During his speech at the United Nations General Assembly's virtual meeting on Tuesday, Brazil’s President Jair Bolsonaro blamed Indigenous peoples, the press, and NGOs for the forest fires and the consequences of the COVID-19 pandemic.
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He complained of being the victim of a "disinformation" campaign in which the press turned the new coronavirus into a political issue and sowed panic by asking the population to quarantine at home.
Besides downplaying the severity of the pandemic in the country with the world's third-highest number of COVID-19 cases (4,595,335) and deaths (138,159), the far-right politician swore that he did warn the public about the virus "from the very beginning".
During a speech riddled with misrepresentations of reality, Bolsonaro boasted that his country is a "benchmark in environmental preservation."
Then, using as an argument that Brazilian forests do not catch fire because they are wet, the former captain blamed Indigenous communities for fueling the Amazon fires.
“Our forest is humid and does not allow a fire to spread inside. The fires occur in practically the same places where Indigenous people and mixed-race farmers burn their gardens in already deforested areas,” he said.
The meme reads, “The Smoke Screen project found that large- and medium-size rural properties caused 72 percent of the fires that occurred in the Amazon's four largest critical areas in 2019.”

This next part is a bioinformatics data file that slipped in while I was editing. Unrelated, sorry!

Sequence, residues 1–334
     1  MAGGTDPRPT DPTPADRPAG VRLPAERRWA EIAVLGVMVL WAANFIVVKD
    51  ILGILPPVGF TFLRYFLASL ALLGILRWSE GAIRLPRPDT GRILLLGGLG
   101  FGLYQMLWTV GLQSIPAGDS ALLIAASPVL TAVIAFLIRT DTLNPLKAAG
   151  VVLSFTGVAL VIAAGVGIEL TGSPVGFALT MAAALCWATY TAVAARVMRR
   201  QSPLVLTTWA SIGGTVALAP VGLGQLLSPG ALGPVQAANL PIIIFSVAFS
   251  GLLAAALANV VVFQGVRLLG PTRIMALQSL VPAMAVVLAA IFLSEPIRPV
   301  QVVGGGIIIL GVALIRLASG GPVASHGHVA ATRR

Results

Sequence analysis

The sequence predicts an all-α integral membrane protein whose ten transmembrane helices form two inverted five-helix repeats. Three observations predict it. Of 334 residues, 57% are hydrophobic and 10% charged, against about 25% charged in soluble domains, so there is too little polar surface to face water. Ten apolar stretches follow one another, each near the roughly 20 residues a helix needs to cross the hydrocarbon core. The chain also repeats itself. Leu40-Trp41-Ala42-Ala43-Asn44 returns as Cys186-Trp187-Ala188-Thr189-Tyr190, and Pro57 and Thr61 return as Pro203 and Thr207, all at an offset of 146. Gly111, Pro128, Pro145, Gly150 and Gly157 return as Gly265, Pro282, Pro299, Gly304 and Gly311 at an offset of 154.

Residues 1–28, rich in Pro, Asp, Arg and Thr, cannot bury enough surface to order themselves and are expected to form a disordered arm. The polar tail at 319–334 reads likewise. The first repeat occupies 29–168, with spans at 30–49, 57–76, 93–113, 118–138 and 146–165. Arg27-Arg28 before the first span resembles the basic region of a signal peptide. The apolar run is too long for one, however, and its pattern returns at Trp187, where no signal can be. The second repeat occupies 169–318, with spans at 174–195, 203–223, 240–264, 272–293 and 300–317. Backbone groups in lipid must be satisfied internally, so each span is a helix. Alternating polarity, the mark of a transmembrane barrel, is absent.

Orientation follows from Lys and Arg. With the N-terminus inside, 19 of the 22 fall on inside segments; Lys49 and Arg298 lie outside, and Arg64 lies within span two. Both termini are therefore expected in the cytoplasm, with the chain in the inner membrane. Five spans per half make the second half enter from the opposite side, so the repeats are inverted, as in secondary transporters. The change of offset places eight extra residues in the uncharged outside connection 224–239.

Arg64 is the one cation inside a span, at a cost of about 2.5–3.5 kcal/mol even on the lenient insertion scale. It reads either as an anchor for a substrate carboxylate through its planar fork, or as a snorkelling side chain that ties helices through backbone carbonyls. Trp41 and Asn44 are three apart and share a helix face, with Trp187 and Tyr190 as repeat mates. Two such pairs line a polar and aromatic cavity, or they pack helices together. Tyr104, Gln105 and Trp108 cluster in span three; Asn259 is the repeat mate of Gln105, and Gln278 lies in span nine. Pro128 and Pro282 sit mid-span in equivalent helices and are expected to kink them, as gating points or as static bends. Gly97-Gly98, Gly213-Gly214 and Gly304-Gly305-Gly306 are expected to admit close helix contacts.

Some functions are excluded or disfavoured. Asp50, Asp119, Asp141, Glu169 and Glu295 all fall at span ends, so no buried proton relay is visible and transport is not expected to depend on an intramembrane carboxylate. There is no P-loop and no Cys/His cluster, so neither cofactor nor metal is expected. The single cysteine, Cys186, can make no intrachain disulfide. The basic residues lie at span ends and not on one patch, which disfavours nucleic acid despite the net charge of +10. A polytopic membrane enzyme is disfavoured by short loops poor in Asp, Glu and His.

On Tuesday, human rights defenders and environmental activists immediately responded to Bolsonaro's claims, stressing that his speech is an embarrassment to Brazil and the world.
“His speech was described as delusional, irresponsible and unfounded by organizations such as Greenpeace, the Climate Observatory, and the World Wide Fund for Nature (WWF), which do not understand how the Brazilian president can ignore the seriousness of the wildfires that are devastating the Amazon since 2019,” outlet El Desconcierto reported.
In international politics, Bolsonaro praised President Donald Trump and the agreement between Israel and the United Arab Emirates, which is considered a betrayal of the Palestinian cause.
Assuming as his own the U.S. agenda against the Venezuelan government led by President Nicolas Maduro, Bolsonaro vowed that his country is also "an international landmark" in the defense of human rights thanks to its host program for migrants.
At the end of his speech, the far-right politician called for the "phobia" against Christian militants to stop.
"Brazil is a conservative, Christian country, which is based on the family," he pointed out.